Ann Thompson, retail sales executive-West, consumer lending, Bank of America, says, “If you’re taking out a HELOC, for example, the amount of available equity you have in your home plays an important role. Your equity helps your lender determine your loan-to-value ratio, which is one of the factors your lender will consider when deciding whether or not to approve your application.”
To determine your LTV, divide your current mortgage balance by your home’s appraised value. If you owe $100,000 on your mortgage and your home is appraised at $300,000, your LTV would be 0.33, or 33%. Depending on whether you’re using a home equity loan, HELOC or cash-out refinance to access your equity, lenders may require an LTV of 85% or less. In other words, you need to have at least 15% equity in the home.
Thompson says owning a second home can bring potential tax benefits, depending on the type of property purchased and how it’s used. But, she notes, owning a second home just for vacations is different from owning an investment property. “That difference can affect a buyer’s finances, including the taxes owed on the property and the type of insurance coverage needed,” she says.
[Read: Best Mortgage Lenders.]
Alternatives to Using Home Equity to Buy a Vacation Home
There are some other options for purchasing a vacation home that can leave you with your equity intact.
For example, you could make the purchase or down payment in cash if you have the assets to do so. However, if you were to pull money from liquid savings, such as a savings account or money market account, you would want to be sure that you still have enough cash to cover emergency expenses or repair costs.
Or if you’re using tax-advantaged retirement plan assets to buy the home or make a down payment, there could be penalties. If you’re pulling money from a traditional individual retirement account or 401(k) before age 59½, you may have to pay a 10% early withdrawal penalty, along with ordinary income tax on the withdrawal. Not only that, but you’d be shrinking your retirement nest egg.
What to Consider Before Tapping Your Equity
Carter says that if you’re considering using home equity to buy a vacation home, think carefully about:
— How much equity you’ll need to buy the home and how much of it you’re willing to use.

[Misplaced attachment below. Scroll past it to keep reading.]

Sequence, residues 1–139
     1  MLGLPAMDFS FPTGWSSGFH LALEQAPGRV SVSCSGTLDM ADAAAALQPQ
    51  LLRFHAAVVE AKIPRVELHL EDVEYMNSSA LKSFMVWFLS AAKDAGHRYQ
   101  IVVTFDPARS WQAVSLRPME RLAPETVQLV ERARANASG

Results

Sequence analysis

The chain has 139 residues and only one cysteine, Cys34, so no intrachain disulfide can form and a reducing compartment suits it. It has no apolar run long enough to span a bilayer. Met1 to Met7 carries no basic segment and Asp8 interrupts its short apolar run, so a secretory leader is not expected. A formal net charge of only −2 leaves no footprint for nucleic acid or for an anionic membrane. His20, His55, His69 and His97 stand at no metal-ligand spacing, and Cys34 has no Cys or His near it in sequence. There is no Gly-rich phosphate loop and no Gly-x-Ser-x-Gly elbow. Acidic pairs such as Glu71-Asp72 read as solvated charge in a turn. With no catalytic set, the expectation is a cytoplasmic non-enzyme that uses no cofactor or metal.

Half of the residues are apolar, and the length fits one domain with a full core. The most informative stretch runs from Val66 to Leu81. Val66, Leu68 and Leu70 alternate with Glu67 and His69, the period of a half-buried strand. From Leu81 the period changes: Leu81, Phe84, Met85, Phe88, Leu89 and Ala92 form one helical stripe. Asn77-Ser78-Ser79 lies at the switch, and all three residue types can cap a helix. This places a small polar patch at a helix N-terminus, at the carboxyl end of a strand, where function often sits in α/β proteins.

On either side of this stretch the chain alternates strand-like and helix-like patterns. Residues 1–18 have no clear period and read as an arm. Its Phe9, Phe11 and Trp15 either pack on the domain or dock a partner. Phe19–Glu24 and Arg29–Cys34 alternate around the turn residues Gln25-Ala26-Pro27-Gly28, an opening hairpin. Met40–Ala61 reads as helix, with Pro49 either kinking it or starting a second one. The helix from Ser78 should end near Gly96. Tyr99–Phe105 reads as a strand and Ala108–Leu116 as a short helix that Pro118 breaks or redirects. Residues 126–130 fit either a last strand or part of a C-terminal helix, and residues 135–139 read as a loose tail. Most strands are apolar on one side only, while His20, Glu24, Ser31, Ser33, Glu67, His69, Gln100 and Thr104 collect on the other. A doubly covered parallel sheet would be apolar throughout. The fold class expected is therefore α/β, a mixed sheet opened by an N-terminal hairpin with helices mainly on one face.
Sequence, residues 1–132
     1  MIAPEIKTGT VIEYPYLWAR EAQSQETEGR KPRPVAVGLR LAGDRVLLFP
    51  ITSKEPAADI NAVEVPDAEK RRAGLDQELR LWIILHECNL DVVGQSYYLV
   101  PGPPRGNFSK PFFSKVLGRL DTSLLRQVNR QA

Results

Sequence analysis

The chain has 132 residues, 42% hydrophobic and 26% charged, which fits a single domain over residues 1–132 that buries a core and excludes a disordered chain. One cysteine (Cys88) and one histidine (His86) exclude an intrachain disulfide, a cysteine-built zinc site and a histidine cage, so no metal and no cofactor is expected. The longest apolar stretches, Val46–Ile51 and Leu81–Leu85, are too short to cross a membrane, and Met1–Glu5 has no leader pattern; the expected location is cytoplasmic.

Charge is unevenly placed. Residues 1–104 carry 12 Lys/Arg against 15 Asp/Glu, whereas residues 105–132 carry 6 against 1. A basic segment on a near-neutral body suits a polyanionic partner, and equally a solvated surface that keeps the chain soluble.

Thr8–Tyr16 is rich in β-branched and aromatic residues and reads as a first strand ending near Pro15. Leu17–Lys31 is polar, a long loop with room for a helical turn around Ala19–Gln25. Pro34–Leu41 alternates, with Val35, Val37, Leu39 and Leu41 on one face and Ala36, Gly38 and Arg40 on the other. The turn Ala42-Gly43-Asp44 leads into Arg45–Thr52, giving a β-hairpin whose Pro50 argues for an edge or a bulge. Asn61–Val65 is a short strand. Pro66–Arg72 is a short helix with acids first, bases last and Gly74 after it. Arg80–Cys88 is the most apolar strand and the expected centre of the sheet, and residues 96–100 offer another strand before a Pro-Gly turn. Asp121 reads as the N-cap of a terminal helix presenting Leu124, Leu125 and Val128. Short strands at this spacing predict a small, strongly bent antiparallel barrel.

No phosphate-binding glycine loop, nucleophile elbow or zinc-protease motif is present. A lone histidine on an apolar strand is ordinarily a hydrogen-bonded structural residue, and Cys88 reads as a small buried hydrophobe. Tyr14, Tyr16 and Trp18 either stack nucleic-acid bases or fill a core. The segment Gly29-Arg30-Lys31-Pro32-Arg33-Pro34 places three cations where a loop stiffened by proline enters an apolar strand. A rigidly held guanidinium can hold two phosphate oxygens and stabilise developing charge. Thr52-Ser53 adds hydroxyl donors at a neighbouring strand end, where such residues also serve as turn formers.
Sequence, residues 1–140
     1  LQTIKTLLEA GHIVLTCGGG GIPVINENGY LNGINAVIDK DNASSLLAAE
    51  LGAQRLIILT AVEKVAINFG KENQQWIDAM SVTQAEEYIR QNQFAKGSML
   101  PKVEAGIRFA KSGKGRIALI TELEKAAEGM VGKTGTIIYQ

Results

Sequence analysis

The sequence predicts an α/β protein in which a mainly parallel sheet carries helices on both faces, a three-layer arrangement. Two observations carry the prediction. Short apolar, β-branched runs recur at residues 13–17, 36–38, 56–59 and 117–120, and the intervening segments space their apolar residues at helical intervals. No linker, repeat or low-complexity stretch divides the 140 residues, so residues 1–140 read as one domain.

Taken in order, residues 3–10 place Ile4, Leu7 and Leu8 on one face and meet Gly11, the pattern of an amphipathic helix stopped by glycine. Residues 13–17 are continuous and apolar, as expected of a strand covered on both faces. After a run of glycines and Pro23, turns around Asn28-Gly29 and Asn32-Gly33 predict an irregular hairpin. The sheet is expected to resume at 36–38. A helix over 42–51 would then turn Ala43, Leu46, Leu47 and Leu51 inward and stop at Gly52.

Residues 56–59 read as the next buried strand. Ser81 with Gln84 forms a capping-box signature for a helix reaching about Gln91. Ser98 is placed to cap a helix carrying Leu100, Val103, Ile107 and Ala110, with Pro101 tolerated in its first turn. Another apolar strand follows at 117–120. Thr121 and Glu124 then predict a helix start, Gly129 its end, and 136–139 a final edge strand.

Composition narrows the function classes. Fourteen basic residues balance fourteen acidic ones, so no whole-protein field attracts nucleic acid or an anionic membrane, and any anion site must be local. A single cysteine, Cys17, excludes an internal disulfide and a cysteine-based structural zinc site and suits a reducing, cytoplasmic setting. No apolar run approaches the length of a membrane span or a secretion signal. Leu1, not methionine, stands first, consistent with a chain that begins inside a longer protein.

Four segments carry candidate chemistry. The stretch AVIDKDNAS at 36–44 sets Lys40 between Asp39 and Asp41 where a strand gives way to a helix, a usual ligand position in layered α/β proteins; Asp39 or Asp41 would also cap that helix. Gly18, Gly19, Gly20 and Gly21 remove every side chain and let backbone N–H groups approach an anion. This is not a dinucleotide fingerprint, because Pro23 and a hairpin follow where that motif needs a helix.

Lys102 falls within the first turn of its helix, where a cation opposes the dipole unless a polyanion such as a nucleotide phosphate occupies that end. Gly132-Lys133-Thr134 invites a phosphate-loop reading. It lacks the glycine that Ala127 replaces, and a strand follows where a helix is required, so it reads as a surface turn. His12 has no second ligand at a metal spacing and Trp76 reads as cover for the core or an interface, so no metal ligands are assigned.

— How much rental income the home could generate.
— Where a home equity, HELOC or potentially larger cash-out refinance payment fits into your budget.
— What other qualifications you’ll need to meet to access your equity.
For example, lenders will also take your credit score into account when you apply for a home equity loan, HELOC or cash-out refinance. A credit score of 700 or better should be good enough to qualify for any of those options, but if your score is lower, say around 620 or less, you may find it harder to get approved.
Keep in mind that your credit score also influences your interest rate. The higher your score, the better your rate and vice versa.
Aside from credit scores and LTV, lenders also consider your debt-to-income ratio. Carter says lenders typically set the range for acceptable DTI ratios at 43% to 50% for home equity borrowers.
[Read: Best Mortgage Refinance Lenders.]
You should also think about how owning a second home may impact your finances in general. Not only might you have two mortgage payments to manage, but you’ll also have to factor in things like property taxes, homeowners insurance and upkeep for a vacation property. When in doubt, talk over the options with your lender so you can decide if taking on a second home using your equity is the right move.
“Making your home’s equity work for your family is one of the true benefits of homeownership; however, there’s no blanket rule about how it should be used,” Sopko says. “With the numerous loan programs, loan types and vast amount of guidelines present in lending, a consumer who’s looking to purchase a vacation home should always contact a trusted mortgage expert first.”